American traces her Jewish roots in India with book
American writer and filmmaker Sadia Shepard came to India to find her roots and understand her heritage - a mix of Protestant, Jewish and Islamic culture.books Updated: May 21, 2012 15:04 IST
American writer and filmmaker Sadia Shepard came to India to find her roots and understand her heritage - a mix of Protestant, Jewish and Islamic culture. She left with 18 diaries full of experiences that blended to form a book.
The Girl from Foreign: A Search for Shipwrecked Ancestors, Forgotten Histories and a Sense of Home traces the Jewish heritage of Shepard's grandmother as a member of the small Bene Israel community in Mumbai, her unusual love story and a secret wedding to a Muslim from Pakistan.
It was presented by the American Centre, Penguin Books India and The United States - India Educational Foundation at the American Centre in the Capital on Wednesday.
"'The Girl from Foreign' is a very American story about a search for roots. When I was 15, I learnt that there was one story I had never been told. Nana, my grandmother, was not a Muslim like the rest of her family in Pakistan. In fact, she begun her life as Rachael Jacobs, a member of a tiny Jewish community in India which believes itself to have descended from one of the lost tribes of Israel, shipwrecked on the Konkan coast nearly 2,000 years ago," Shepard told a packed house.
According to the legend, only seven men and women survived the wreck and their descendants can still be found along the coast, making a living by pressing oil from seeds.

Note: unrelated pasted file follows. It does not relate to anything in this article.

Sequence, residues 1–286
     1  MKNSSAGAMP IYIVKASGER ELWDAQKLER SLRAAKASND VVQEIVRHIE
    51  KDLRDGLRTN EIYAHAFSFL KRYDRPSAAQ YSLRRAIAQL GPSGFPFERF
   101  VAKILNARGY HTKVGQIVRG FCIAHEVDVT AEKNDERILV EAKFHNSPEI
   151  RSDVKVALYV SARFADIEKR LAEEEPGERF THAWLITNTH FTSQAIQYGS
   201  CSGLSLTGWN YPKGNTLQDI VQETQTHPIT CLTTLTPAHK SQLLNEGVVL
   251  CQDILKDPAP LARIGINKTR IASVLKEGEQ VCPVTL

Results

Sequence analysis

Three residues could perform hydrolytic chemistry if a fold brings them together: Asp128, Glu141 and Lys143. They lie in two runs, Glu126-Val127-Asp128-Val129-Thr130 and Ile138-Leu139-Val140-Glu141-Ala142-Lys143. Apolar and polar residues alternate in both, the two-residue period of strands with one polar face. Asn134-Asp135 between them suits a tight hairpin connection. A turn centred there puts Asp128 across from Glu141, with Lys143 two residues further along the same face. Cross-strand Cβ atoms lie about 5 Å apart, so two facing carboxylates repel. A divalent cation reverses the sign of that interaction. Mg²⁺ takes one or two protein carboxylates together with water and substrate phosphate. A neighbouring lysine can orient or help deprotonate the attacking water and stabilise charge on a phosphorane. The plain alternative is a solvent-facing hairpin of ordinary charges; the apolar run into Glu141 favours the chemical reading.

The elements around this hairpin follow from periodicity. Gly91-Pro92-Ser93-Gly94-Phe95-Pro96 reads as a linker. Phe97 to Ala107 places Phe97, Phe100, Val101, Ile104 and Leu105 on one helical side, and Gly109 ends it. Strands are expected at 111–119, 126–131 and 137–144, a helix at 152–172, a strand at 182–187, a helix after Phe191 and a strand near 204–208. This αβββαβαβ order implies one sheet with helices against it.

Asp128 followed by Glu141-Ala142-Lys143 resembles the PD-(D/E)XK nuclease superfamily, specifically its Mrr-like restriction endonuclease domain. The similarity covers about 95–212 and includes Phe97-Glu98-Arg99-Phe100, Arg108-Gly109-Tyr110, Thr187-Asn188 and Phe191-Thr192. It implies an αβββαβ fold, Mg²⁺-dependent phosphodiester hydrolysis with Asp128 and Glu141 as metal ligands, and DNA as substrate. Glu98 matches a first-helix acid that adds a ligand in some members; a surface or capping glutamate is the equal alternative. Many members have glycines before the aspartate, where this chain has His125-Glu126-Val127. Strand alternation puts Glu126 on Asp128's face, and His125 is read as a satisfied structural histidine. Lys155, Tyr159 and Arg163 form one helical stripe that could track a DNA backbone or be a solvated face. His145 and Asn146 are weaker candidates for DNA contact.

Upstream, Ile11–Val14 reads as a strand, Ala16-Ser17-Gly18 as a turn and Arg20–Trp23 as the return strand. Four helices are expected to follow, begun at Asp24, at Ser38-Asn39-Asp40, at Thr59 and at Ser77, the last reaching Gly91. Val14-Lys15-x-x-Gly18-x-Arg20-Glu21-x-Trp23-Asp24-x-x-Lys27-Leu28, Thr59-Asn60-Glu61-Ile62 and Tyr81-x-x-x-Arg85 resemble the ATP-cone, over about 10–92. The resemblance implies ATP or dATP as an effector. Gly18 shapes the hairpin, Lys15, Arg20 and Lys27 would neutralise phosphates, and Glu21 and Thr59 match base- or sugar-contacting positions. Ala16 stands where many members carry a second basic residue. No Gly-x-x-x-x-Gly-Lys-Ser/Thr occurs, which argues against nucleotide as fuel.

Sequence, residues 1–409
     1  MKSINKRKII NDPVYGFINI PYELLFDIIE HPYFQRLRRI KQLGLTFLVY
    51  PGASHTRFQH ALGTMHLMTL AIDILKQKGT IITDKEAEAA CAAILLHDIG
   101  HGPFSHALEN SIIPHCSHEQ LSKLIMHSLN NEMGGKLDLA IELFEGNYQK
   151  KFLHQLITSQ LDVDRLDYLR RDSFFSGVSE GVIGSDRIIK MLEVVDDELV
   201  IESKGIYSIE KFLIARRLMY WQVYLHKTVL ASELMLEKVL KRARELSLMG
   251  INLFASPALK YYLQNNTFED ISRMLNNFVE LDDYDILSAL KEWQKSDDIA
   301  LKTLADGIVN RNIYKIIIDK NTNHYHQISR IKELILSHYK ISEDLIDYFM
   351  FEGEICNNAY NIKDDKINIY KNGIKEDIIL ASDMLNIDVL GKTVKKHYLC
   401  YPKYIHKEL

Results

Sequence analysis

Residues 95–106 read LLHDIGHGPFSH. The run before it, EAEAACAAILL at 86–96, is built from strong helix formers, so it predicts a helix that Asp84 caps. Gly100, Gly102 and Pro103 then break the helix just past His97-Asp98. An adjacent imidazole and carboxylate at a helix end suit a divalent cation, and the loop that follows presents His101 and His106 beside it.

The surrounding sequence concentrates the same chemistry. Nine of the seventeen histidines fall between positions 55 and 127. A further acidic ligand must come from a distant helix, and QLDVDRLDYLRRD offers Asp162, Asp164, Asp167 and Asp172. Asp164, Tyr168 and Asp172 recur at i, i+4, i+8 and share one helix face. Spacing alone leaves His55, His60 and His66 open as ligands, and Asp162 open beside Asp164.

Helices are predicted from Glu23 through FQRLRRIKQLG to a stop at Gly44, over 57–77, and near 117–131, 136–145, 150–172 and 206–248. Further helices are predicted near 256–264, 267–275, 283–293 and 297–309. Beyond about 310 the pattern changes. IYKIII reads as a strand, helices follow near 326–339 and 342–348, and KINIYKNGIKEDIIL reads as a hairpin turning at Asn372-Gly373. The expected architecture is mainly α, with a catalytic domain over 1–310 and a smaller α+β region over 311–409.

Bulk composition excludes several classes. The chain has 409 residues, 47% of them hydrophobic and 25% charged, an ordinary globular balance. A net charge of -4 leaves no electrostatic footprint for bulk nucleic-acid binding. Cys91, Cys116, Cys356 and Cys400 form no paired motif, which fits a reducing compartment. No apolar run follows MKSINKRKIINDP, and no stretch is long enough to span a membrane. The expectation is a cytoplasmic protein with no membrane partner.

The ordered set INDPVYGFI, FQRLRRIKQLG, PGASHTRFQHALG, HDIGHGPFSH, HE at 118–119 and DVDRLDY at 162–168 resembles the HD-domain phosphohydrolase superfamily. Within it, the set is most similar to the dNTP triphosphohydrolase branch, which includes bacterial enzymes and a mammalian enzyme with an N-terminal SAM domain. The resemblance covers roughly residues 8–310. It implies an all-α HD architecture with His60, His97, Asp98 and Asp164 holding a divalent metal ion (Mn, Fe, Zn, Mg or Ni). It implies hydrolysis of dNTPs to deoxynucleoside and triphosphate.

Many members of the community live in Mumbai - having made their mark in Bollywood and in the armed forces. But the chunk of the Gen Next has migrated to Israel - "the promised land of the Jews". A rough estimate puts the number of the Bene Israel tribe at 5,000.
"I had the fortune to be raised by my grandmother who flew to Boston - where my father Richard, a six feet six inches tall American, and my mother Sumina, a five feet five inches tall Pakistani from Karachi - lived. She came to help my mother cope with childbirth and stayed back. There is this tremendous tradition of storytelling in South Asia and I began to pry the love story from my grandmother in my teens," Shepard recalled.
Her grandmother, re-christened Rahat after converting to Islam, would "open up at times" to recount her days in India.
"She was blessed with a kind of clairvoyance and her stories were lyrical and evocative. When she spoke of India, her voice and speech would change. As a result, India became a kind of mythical land for me. Before her death in 2000, she extracted a promise from me that I would visit Mumbai, the city of her birth, which I managed to do in 2001," said the author.
Shepard's grandmother eloped with a Muslim man from Pakistan, a family friend, at 17. "She hid her marriage for 10 years till the birth of her child. My grandfather built her a house at Worli facing the sea. It was named Rahat Villa after her."
The house was the locus of Rahat's dreams, "it was a symbol of loss - the home she left behind after partition".
In Mumbai, Shepard chronicled her journey and experiences in diaries. "First one, then three and then 18 - the diaries piled up. Once I went back to New York, it became the source of my book."
The presentation of the book was followed by the screening of her documentary In Search of the Bene Israel - which explored the lives and culture of the Bene Jews in Mumbai and along the Konkan coast through the eyes of a young Jewish couple, Ronen and Hannah from Mumbai and a family of oil-pressers in a Konkani village.
While Ronen and Hannah migrate to Israel for a better future, the oil-presser's family decides to stay back and guard a 2,000-year-old legacy.